If you haven't already signed up for a Magic account, you can do so here for free.

Create a .env file at the root of the project and grab Magic publishable and secret keys. SvelteKit uses Vite as the bundler, to access the publishable key on the client-side, we need to prefix the variable with VITE_. Environment variables that do not start with VITE_ will not be written to the bundle that gets shipped to the client. The .env file should now look something like this.

VITE_MAGIC_PUBLIC_KEY=pk_live_3*FE****222**7F4
MAGIC_SECRET_KEY=sk_live_5*A****66**6**6
ENCRYPTION_SECRET=some_random_string_that_is_at_least_32_characters_long

While we're at it, we should also protect our secret key by adding the .env file to our .gitignore.

Note: The dev server may need to be restarted after installing packages and editing the .env file.

Creating the endpoints.

In SvelteKit, endpoints are JavaScript or TypeScript files that live in the routes directory and export methods that map to the HTTP methods. We will have three endpoints for handling authentication, login, logout, and user. Let's create those files now. I like to keep my endpoints in an api directory. They will be called login.ts, logout.ts, and user.ts.

We'll also create a file for instantiating the Magic admin SDK and a file for utilities. Files or folders prefixed with an underscore (_) character are hidden from the SvelteKit router. They will be called _magic.ts and _utils.ts, and they will live in the src/routes/api directory.

After you've created the files, your directory structure should look something like this:

In the _utils.ts file, we'll keep the functions for encrypting and managing the session cookies. Session cookies are pieces of data passed around in request and response headers to identify a user’s session. We’ll use the @hapi/iron package for encryption and create encrypt and decrypt convenience functions to simplify it’s usage. The cookie package is for creating the cookie headers.

Let's add those now.

// src/routes/api/_utils.ts
import { serialize } from 'cookie';
import Iron from '@hapi/iron';
import dotenv from 'dotenv';

dotenv.config();

const ENCRYPTION_SECRET = process.env['ENCRYPTION_SECRET'];
const SESSION_LENGTH_MS = 604800000;
export const SESSION_NAME = 'session';

async function encrypt(data): Promise<string> {
  return data && Iron.seal(data, ENCRYPTION_SECRET, Iron.defaults);
}

async function decrypt<T>(data: string): Promise<T> {
  return data && Iron.unseal(data, ENCRYPTION_SECRET, Iron.defaults);
}

export async function createSessionCookie(data: any): Promise<string> {
  const encrypted_data = await encrypt(data);

  return serialize(SESSION_NAME, encrypted_data, {
    maxAge: SESSION_LENGTH_MS / 1000,
    expires: new Date(Date.now() + SESSION_LENGTH_MS),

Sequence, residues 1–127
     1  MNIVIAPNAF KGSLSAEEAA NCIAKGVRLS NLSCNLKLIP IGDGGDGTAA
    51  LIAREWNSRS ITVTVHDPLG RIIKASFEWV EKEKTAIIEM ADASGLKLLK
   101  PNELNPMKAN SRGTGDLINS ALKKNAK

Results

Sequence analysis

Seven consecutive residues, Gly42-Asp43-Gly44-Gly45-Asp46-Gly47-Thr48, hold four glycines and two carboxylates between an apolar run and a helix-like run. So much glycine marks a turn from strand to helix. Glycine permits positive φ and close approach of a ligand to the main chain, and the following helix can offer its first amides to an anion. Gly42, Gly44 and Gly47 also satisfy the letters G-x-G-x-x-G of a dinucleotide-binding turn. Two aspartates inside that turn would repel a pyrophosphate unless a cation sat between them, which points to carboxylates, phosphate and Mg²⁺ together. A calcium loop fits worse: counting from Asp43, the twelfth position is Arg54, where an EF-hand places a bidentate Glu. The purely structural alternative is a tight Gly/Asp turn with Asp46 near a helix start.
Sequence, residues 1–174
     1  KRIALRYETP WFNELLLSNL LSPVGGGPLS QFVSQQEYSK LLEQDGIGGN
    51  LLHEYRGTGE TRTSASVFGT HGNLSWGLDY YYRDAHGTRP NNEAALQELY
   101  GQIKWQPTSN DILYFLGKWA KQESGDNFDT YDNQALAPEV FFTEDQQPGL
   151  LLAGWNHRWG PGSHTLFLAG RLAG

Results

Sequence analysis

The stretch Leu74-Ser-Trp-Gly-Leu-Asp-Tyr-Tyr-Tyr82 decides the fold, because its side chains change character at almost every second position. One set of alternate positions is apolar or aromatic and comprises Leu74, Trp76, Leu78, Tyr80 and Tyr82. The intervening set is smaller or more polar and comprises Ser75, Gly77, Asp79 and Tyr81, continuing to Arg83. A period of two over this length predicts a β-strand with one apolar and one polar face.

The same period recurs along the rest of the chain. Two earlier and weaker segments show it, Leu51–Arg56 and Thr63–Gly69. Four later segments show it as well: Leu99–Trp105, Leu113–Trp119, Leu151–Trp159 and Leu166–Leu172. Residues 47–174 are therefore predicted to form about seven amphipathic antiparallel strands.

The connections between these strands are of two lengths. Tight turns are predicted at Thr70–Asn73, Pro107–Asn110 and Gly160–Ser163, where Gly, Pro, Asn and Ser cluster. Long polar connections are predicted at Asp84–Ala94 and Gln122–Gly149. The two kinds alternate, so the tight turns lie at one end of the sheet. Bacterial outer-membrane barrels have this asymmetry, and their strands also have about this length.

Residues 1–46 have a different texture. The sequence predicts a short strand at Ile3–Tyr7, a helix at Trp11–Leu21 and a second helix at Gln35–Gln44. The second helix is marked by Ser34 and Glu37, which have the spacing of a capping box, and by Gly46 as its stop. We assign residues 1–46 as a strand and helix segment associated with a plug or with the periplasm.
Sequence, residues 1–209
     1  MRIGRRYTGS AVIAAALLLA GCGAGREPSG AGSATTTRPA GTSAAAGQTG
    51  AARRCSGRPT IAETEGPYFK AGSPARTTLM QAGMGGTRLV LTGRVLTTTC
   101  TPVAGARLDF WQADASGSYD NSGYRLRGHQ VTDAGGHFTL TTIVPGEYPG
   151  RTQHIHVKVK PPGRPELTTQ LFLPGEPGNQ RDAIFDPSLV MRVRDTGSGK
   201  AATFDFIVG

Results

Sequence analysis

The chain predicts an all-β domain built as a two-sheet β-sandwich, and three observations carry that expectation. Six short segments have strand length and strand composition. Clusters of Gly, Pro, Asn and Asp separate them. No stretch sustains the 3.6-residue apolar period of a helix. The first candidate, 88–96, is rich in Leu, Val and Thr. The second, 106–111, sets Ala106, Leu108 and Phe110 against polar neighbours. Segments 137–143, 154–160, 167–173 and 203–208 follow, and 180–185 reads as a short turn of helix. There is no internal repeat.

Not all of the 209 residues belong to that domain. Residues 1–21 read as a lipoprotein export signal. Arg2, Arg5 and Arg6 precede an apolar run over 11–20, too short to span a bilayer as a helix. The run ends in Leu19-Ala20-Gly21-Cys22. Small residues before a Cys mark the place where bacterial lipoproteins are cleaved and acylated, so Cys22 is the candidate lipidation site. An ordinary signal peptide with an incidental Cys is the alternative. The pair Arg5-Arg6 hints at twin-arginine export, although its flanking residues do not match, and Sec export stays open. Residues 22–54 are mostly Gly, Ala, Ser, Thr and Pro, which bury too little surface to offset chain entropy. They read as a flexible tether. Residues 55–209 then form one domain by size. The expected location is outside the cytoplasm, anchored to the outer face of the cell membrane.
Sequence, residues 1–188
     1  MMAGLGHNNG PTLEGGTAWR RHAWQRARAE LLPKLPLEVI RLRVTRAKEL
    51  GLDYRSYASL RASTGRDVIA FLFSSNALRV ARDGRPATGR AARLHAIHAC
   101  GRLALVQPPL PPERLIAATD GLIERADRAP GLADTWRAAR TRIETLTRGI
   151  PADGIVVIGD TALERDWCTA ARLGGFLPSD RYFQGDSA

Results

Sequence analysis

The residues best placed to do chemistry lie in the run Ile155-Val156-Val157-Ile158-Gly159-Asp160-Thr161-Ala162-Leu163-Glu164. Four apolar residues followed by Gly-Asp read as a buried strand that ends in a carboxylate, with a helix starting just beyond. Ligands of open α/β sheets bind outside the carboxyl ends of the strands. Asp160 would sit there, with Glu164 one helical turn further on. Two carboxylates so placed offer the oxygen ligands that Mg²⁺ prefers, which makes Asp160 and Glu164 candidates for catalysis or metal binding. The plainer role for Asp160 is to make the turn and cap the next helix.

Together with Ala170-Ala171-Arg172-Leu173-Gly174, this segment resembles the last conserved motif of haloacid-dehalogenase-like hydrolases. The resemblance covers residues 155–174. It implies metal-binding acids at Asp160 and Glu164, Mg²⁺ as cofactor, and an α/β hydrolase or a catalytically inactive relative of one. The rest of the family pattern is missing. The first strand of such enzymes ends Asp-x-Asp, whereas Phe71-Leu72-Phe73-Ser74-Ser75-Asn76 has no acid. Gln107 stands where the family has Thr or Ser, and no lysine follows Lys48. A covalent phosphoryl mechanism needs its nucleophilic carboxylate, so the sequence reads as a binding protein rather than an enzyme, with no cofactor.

httpOnly: true,
    secure: process.env['NODE_ENV'] === 'production',
    path: '/',
    sameSite: 'lax',
  });
}

export async function getSession<T>(cookie: string): Promise<T> {
  return await decrypt(cookie);
}

export function removeSessionCookie(): string {
  return serialize(SESSION_NAME, '', {
    maxAge: -1,
    path: '/',
  });
}

Instantiate the Magic Admin SDK

SvelteKit endpoints always run on the server, so we'll use the Magic admin SDK here. The dotenv package is used to load the environment variables to be read from process.env. Once we have the magic secret key, we can initialize the SDK and export it for the endpoints to use.

// src/routes/api/_magic.ts
import { Magic } from '@magic-sdk/admin';
import dotenv from 'dotenv';

dotenv.config();

const MAGIC_SECRET_KEY = process.env['MAGIC_SECRET_KEY'];
export const magic = new Magic(MAGIC_SECRET_KEY);

Logging into the application

In the src/routes/api/login.ts file, we'll export a post function responsible for logging the user in by validating a DID (Decentralized Identifier) token that will be generated on the client side and then returning a cookie to the client to track the session.

Let's see the whole endpoint, and then we’ll break down the most important parts.

// src/routes/api/login.ts
import type { Request, Response } from '@sveltejs/kit';
import { magic } from './_magic';
import { createSessionCookie } from './_utils';

export async function post(req: Request): Promise<Response> {
  try {
    // Parse and validate the DID token
    const didToken = magic.utils.parseAuthorizationHeader(req.headers['authorization']);
    magic.token.validate(didToken);

    // Token is valid, so get the user metadata and set it in a cookie.
    const metadata = await magic.users.getMetadataByToken(didToken);
    const cookie = await createSessionCookie(metadata);

    return {
      status: 200,
      headers: {
        'set-cookie': cookie,
      },
      body: {
        user: metadata,
      },
    };
  } catch (err) {
    return {
      status: 500,
      body: {
        error: {
          message: 'Internal Server Error',
        },
      },
    };
  }
}

First, we'll use the Magic SDK to read and validate the token.

const didToken = magic.utils.parseAuthorizationHeader(req.headers['authorization']);
magic.token.validate(didToken);

The DID token will be sent as an authorization header, which is parsed using the magic.utils.parseAuthorizationHeader function. It is then validated using magic.token.validate.